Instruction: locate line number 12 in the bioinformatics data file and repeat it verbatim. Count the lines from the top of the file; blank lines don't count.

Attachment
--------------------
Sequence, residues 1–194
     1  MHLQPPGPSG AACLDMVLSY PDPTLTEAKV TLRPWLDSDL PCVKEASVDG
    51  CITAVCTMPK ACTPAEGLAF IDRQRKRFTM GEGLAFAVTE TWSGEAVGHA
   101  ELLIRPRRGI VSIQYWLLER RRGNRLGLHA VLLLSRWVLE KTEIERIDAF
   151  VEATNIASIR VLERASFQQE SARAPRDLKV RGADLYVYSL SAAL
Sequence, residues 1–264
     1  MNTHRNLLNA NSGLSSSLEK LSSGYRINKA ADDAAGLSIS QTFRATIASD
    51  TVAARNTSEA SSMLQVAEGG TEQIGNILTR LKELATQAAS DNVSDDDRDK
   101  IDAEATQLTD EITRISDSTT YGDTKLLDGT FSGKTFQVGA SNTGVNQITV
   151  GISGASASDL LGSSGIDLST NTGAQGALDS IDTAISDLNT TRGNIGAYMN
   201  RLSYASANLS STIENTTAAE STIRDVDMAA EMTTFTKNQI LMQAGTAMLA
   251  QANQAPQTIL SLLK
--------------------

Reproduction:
   251  QANQAPQTIL SLLK